As if Baltimore's Beltway weren't loopy enough.
Over the past two months, state highway crews have erected a dozen signs under selected Interstate 695 route markers with the designation of "Inner Loop" or "Outer Loop."
The signs are supposed to help motorists figure out which way they're headed on the busy interstate. The inner loop designates the interior circle of the divided highway, the outer loop the outside half.
But, after posting the signs, the State Highway Administration began to realize that a lot of drivers don't understand what the heck this inner and outer loop stuff means.
"The majority of people have no idea whether they're on the inner or the outer," said Phil Pesing, manager of Jim Elliott's Towing. "I know which is which and my drivers know, but usually the people with the broken-down vehicles, they don't know."
In the past, directions on the Beltway were generally referred to by a major compass point (east, west, north or south) and a major destination such as Glen Burnie, Towson, Pikesville or Essex.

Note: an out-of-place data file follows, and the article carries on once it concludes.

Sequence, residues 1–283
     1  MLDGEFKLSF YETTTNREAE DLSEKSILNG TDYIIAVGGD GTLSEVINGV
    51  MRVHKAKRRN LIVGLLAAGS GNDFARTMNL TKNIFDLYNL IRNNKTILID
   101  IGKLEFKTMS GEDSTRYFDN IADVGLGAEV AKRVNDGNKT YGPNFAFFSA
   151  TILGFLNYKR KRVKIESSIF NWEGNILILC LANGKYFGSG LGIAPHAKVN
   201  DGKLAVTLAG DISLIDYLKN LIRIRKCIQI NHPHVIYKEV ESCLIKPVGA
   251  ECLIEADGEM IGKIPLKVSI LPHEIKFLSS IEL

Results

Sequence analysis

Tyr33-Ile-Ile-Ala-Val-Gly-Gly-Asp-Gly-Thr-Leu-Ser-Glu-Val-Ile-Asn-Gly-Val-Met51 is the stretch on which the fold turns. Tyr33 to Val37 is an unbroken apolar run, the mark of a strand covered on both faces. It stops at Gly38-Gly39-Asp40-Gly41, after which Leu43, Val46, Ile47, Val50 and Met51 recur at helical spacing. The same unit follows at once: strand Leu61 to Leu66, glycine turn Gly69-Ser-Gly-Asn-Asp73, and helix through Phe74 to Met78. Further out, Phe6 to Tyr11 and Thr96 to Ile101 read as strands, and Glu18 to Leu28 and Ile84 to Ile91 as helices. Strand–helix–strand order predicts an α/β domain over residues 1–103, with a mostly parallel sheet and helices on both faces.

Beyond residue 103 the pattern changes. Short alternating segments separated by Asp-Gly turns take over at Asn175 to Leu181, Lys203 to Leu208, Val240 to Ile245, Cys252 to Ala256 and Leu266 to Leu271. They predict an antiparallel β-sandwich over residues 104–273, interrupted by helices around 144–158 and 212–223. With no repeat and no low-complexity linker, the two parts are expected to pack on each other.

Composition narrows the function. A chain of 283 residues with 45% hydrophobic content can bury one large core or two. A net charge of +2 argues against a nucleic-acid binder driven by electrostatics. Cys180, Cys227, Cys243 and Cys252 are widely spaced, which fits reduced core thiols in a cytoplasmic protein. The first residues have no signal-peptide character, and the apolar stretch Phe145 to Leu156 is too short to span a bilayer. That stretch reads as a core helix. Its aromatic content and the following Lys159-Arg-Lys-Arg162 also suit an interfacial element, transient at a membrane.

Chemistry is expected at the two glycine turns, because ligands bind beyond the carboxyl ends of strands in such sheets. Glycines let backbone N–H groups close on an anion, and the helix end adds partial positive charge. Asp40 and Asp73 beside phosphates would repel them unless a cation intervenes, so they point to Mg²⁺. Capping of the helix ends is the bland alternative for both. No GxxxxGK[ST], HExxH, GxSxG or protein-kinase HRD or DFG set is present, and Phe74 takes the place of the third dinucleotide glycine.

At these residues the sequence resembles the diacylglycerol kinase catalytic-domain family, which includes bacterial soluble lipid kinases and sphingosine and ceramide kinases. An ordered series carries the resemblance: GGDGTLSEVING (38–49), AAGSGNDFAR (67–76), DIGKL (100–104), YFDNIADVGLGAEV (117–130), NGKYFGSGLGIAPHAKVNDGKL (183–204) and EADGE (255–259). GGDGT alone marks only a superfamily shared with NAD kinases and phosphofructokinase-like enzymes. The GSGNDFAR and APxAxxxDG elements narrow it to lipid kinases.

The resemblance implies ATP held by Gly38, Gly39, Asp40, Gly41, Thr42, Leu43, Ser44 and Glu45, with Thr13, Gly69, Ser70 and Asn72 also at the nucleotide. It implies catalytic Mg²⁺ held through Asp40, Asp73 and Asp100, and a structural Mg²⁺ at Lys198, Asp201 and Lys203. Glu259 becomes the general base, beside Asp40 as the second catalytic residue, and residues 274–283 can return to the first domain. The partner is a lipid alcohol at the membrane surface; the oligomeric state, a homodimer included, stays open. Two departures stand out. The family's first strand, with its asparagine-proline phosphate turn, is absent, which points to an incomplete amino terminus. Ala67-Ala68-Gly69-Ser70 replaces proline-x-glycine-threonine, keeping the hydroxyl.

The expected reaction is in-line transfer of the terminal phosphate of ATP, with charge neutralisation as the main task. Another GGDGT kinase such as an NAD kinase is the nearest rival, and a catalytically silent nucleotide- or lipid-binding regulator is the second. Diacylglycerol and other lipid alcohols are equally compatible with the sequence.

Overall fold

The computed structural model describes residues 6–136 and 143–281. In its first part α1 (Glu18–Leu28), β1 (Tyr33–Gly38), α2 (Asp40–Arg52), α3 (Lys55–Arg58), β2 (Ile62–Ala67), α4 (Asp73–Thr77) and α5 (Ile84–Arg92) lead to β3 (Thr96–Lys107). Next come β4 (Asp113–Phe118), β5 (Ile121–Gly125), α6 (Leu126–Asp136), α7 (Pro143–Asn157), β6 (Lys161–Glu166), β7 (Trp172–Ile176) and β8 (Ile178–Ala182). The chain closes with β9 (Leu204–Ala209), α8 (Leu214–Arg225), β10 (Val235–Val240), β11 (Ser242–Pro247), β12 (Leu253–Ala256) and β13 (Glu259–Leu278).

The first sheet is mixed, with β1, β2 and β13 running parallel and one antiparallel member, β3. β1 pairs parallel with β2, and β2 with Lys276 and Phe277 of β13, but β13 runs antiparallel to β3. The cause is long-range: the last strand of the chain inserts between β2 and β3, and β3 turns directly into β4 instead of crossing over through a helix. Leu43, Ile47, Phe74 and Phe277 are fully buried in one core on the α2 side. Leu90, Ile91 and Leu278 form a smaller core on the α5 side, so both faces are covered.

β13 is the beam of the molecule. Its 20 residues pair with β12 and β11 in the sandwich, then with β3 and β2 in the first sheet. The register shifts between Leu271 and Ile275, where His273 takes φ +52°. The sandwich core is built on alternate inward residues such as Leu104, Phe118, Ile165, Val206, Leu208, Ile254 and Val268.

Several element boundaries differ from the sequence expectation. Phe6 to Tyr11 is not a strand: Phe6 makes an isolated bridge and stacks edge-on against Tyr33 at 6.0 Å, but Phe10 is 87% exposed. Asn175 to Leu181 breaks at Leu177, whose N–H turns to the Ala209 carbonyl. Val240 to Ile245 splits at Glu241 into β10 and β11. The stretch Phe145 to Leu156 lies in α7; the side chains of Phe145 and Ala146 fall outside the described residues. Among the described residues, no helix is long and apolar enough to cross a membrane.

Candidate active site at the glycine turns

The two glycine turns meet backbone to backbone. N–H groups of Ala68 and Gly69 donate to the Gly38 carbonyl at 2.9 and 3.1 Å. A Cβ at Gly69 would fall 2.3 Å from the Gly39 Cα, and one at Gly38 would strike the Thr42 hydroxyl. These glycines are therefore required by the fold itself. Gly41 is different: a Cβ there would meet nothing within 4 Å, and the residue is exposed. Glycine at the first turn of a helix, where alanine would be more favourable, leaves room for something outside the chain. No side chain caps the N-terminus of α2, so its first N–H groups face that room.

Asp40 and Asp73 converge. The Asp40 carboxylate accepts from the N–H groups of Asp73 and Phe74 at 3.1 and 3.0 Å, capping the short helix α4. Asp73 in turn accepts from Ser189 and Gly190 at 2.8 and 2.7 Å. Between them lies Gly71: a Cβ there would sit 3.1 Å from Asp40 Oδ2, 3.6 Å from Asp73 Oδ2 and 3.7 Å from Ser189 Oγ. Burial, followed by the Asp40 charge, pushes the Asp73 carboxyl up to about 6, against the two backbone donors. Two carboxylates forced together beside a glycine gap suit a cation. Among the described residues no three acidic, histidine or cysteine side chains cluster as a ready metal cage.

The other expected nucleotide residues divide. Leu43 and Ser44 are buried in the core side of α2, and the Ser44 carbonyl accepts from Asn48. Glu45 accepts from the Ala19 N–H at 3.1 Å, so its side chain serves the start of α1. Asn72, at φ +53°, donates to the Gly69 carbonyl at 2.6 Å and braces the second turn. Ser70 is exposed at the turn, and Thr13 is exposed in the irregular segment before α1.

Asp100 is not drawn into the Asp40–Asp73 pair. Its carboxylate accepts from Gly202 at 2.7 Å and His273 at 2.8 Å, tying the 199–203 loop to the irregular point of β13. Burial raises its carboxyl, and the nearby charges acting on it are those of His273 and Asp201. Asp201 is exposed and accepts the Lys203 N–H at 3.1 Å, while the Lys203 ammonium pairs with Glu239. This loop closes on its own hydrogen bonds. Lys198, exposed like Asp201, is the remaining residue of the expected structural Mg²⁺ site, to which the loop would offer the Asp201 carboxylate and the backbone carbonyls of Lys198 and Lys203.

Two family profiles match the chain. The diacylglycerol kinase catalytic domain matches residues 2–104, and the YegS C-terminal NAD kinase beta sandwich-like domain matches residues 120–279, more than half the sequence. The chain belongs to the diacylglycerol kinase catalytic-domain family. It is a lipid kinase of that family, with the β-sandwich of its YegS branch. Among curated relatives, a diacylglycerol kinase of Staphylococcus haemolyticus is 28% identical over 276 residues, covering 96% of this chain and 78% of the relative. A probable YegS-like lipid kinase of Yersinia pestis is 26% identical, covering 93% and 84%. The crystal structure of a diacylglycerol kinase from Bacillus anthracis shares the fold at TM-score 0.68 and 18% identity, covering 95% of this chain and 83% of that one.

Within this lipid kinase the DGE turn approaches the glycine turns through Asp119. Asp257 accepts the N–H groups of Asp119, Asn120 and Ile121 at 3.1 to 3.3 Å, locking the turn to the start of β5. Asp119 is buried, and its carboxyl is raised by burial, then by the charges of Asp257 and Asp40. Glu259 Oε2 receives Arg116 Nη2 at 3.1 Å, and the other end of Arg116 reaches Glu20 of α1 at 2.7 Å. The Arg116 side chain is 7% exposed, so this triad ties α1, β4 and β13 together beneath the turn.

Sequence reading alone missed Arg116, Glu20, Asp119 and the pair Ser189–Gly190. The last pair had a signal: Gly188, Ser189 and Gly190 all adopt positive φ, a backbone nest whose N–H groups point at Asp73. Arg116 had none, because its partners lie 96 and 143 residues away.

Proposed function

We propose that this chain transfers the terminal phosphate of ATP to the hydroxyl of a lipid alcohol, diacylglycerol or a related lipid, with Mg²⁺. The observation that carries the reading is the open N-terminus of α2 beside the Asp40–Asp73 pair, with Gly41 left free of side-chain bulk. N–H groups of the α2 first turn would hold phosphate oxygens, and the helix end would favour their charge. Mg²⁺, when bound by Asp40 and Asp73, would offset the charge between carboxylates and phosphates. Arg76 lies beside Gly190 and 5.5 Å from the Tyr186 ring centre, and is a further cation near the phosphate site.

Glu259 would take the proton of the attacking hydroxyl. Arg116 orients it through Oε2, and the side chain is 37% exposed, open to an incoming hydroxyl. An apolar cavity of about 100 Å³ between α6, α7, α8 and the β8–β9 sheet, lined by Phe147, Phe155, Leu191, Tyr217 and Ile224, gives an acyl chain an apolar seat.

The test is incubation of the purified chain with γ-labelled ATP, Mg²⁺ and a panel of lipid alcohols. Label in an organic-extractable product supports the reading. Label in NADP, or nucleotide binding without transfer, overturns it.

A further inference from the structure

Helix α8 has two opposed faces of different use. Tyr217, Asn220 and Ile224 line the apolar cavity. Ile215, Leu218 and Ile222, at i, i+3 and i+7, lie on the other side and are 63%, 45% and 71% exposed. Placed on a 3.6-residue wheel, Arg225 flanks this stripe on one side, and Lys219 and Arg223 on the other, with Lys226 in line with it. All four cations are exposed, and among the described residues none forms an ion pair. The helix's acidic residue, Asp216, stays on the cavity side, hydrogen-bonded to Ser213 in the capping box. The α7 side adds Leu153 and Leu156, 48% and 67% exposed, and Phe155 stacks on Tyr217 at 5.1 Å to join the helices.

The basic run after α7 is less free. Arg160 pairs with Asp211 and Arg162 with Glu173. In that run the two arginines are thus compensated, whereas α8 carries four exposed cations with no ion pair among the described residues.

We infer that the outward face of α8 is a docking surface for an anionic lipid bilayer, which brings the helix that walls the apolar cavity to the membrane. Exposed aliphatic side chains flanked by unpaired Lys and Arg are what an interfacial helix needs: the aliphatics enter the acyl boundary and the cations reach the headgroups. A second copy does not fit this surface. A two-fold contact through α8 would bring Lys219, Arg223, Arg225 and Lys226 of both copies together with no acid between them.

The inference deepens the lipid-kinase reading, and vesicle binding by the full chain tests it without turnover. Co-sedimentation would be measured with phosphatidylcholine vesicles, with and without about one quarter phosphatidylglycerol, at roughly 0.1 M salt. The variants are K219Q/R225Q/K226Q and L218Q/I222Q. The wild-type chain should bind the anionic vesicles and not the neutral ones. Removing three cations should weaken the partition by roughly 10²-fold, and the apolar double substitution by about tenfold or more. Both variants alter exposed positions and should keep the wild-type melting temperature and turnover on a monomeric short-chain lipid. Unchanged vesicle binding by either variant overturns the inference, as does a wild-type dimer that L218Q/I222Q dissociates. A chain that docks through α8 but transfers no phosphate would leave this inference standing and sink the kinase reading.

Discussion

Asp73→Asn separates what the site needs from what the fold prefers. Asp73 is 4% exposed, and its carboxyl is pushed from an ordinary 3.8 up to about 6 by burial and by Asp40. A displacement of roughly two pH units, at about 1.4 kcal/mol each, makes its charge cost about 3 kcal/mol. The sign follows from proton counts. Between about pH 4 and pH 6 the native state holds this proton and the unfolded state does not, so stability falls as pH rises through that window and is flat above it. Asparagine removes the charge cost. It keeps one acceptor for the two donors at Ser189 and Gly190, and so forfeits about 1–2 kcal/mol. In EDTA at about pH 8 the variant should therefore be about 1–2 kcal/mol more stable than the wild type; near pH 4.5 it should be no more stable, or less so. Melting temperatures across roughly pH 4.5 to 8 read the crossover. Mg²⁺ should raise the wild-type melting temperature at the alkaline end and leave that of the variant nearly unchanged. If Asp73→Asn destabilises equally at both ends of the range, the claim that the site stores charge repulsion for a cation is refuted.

Radio and television traffic reporters took a different tack, however. They simplified their descriptions to inner and outer loops.
The loops are easily differentiated if you're in a helicopter or airplane and you can use the downtown high-rises or the harbor as a landmark. "Expect a slowdown as you near a traffic accident on the inner loop at Wilkens Avenue," is a typical description.
"It just makes sense," said Charlie Weirauch, assistant director of operations for Metro Traffic Control, a private firm that provides traffic reports to 27 broadcast stations in the Baltimore and Annapolis area. "Generally, the Beltway is two big circles. The terms inner loop and outer loop have been in usage a long time."
But it's not as easy to tell whether you're on the inner or outer loop when you're on the ground.
The trip from Towson to Parkville, for instance, looks like any stretch of highway.
Last year, the State Highway Administration posted inner loop and outer loop signs along the Maryland portion of the Capital Beltway and called it a success.
"We thought we'd try it in Baltimore," said Darrell A. Wiles, a highway administration assistant engineer for traffic in the Baltimore region.